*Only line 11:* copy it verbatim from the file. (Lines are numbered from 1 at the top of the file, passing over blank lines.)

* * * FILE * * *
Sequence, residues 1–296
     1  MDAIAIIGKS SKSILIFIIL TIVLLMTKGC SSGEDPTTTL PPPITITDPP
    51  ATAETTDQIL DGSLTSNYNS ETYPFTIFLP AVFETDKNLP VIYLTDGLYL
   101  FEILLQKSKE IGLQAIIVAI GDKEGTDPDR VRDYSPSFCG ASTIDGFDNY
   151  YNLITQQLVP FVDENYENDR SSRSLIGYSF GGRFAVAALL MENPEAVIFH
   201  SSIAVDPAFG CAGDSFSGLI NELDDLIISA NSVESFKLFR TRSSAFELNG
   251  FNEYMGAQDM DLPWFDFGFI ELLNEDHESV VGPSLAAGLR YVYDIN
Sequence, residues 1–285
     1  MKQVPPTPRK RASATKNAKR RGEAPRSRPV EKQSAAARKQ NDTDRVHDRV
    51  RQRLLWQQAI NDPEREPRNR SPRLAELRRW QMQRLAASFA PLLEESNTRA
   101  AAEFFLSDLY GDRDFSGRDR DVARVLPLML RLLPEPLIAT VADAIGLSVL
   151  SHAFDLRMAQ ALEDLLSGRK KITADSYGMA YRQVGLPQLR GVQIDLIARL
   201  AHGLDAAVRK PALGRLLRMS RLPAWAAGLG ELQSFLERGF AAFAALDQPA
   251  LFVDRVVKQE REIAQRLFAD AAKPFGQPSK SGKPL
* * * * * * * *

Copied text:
   101  AAEFFLSDLY GDRDFSGRDR DVARVLPLML RLLPEPLIAT VADAIGLSVL